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From Creative Economy to Creative Society

The concept of “creative economy” has been embraced by a wide spectrum of advocates, from artists and cultural organization representatives to mayors and policy makers interested in urban revitalization. The argument is a simple one: attracting a group of highly educated creative individuals to a region is good for the economy. A concentration of artists, architects, computer programmers, and university professors can create high energy and synergy. In turn, their efforts can generate jobs and produce tax revenue. Such is the attractive theory. But does pursuit of a creative economy always lead to unmitigated positive results? Or does it also lead to inequitable social and geographic distribution of benefits? Is one person’s urban rejuvenation another’s social dislocation? The question is rigorously explored in an article from The Reinvestment Fund that is now more than a year old but definitely worth a return read.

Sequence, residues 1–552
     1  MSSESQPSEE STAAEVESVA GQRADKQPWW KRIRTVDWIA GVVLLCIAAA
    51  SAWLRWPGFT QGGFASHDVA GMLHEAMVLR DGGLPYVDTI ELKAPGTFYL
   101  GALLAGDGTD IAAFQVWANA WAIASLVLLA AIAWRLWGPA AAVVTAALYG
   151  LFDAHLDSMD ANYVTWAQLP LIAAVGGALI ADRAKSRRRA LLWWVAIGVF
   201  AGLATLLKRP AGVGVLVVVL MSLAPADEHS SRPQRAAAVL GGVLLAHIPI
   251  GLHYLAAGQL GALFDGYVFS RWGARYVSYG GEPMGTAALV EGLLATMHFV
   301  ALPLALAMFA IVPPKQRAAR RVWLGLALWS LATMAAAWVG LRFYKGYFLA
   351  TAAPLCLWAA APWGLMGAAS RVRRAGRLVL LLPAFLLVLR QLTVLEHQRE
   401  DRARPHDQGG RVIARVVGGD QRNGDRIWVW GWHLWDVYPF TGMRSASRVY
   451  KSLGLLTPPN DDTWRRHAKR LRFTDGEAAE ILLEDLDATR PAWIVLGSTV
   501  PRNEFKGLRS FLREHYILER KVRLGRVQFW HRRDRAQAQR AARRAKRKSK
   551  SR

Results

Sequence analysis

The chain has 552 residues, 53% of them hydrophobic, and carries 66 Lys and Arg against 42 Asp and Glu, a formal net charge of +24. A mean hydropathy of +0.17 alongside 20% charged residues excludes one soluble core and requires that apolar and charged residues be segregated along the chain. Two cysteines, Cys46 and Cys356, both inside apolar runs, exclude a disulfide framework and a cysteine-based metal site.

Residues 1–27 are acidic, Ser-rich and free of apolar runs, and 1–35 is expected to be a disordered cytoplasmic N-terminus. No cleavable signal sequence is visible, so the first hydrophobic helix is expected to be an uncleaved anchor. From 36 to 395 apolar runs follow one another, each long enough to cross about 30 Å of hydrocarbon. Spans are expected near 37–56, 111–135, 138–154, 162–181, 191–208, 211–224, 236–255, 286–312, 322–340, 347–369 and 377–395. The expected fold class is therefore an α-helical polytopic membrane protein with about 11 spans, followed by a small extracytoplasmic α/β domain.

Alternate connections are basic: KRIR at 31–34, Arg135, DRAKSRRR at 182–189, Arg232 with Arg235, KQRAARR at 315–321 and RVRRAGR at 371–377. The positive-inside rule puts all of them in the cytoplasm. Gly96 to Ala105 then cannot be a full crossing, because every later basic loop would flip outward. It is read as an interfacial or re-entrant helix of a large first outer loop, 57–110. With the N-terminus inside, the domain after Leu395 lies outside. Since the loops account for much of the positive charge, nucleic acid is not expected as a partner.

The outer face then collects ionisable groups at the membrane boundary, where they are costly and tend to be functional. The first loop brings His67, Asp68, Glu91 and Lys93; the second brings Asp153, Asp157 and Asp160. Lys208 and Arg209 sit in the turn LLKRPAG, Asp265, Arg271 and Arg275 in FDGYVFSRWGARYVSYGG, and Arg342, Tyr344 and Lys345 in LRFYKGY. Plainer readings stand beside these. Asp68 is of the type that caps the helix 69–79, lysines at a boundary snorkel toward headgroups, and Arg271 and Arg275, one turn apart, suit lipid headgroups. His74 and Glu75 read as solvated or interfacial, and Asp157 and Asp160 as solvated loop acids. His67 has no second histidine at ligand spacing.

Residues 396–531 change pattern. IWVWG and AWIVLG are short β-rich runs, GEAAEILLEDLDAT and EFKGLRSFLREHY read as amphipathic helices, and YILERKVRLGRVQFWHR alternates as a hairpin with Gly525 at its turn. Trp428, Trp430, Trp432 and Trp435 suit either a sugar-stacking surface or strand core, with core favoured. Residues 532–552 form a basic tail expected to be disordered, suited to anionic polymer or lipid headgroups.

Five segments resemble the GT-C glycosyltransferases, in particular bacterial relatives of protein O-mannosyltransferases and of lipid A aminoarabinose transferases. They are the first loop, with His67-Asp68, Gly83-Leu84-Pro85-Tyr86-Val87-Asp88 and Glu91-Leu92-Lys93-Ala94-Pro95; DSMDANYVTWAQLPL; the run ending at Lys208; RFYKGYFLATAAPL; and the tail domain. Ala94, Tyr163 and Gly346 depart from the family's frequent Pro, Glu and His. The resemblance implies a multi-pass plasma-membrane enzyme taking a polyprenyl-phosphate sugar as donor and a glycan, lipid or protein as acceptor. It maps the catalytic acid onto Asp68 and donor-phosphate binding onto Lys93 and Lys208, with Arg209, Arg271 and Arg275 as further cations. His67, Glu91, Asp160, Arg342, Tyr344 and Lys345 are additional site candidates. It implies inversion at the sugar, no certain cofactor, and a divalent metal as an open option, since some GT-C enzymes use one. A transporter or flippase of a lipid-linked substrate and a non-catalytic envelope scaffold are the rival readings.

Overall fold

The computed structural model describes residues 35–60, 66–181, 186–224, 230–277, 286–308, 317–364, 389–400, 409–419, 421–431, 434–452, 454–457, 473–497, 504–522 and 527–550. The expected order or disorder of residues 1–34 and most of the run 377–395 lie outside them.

WolfBrown faced the question in a recent cultural planning project for the Richmond region of Virginia. Among issues explored was whether the positive urban redevelopment of blighted real estate that has come about as a result of the hard work, investment, and sweat equity of artists is also leading to dislocation of some of the city’s poor residents. The final report submitted by WolfBrown recommended both continued cultural economic development by the creative class but also a focus on preserving neighborhoods and an investment in activities that would encourage community vibrancy for those with historically local roots.

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